Paper maps out growth model with hard-hitting policies
Hard-hitting practical policy suggestions make up a groundbreaking growth model of the British economy which has been created by a unique research centre at the University of Sheffield.
The first of a series of policy papers published by the Sheffield Political Economy Research Institute (SPERI) argues Britain is trapped in a crisis of, and for, growth and not debt and calls for key policy changes which could help turn the UK’s ailing economy around.
Colin Hay, Professor of Political Analysis and Co-Director of the Sheffield Political Economy Research Institute at the University of Sheffield, said: “It is a crisis of and for an excessively liberalised Anglo-American form of capitalism and the Anglo-liberal growth model to which it gave rise. This is a form of capitalism and a growth model that was inherently unstable and threatened the entire world economy – its excesses cannot be tolerated again.
“In basic terms we are calling for channelling the supply of credit from housing and consumption into longer term growth-generating strategic investment in new technologies, education and infrastructure.”
In the paper, titled The British Growth Crisis: a Crisis of and for Growth, Professor Hay picks out key policy implications which could result in a more sustainable model of growth for Britain including:
• The shaming of the banks into reducing the exorbitant interest rates they are charging consumers and home-owners as well as commercial borrowers on their debt for mortgagees, these are now typically 10 times the base rate.
• To politicise the cost of borrowing and call for Government and the Bank of England to assert downward pressure on the actual cost of borrowing and stop banks from effectively recapitalising themselves by charging commercial borrowers, mortgage holders and those servicing consumer debt a sizeable interest-rate premium which is suppressing demand and investment and prevents the investment required to make the transition to a new more sustainable model of growth.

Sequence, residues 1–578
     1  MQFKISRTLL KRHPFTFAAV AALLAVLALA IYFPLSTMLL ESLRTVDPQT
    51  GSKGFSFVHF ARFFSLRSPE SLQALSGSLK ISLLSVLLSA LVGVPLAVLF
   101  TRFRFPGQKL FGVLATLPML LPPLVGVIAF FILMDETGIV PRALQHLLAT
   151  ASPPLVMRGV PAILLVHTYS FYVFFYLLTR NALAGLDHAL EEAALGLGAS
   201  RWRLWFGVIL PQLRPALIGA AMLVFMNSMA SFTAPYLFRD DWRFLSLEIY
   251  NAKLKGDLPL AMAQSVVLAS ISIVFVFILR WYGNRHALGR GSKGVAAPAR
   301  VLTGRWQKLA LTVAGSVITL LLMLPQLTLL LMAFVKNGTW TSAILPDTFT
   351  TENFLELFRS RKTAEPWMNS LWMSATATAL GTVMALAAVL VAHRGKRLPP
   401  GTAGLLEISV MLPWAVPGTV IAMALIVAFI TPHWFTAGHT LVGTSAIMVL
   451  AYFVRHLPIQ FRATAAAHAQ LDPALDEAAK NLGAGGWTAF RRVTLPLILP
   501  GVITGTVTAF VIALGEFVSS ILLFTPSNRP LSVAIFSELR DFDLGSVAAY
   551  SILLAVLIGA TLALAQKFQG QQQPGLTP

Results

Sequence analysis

• More public investment which could prove to be a highly cost-effective way of providing the public goods on which the transition to a new model of growth relies.
• Deficit reduction must be made conditional on growth
• It is imperative that steps are taken at an international and ideally global level to agree a coordinated strategy for managing debt and growth.
• British policy-makers to reconsider the relationship between investment banking and commercial banking which is allowing commercial banking to subsidise investment banking in a way that impairs the capacity to build a new growth model.
Professor Hay added: “My hope is that in this paper I have made a compelling case that we need first to get right what went wrong in order to put it right and to suggest at least some of what getting it right and putting it right might entail.
“That is a key part of the ongoing research agenda of SPERI – to develop the kind of political economy we need in Britain (and indeed beyond) if we are to build a sustainable recovery. We very much hope that these ideas and the analysis on which they draw will be taken up in Government policy.”
The paper draws on a substantial body of empirical research, starting with the recession in 2008 and the economic changes throughout that year in an international context, as well as a close analysis of the housing market, supply of credit, and welfare and public policy trajectories across Europe before, during and since the crisis.
To view the paper on line visit: http://speri.dept.shef.ac.uk/wp-content/uploads/2013/01/SPERI-Paper-No.-1-%E2%80%93-The-British-Growth-Crisis-FINAL.pdf
SPERI brings together leading international researchers in the social sciences, policy makers, journalists and opinion formers to reassess and develop proposals in response to the political and economic issues posed by the global financial crisis.
Political economy is the wider study of real-life explanations, insights and strategies, in response to challenges facing the world, like the British growth crisis, the future of the Eurozone, and the G20 leadership.
The University of Sheffield
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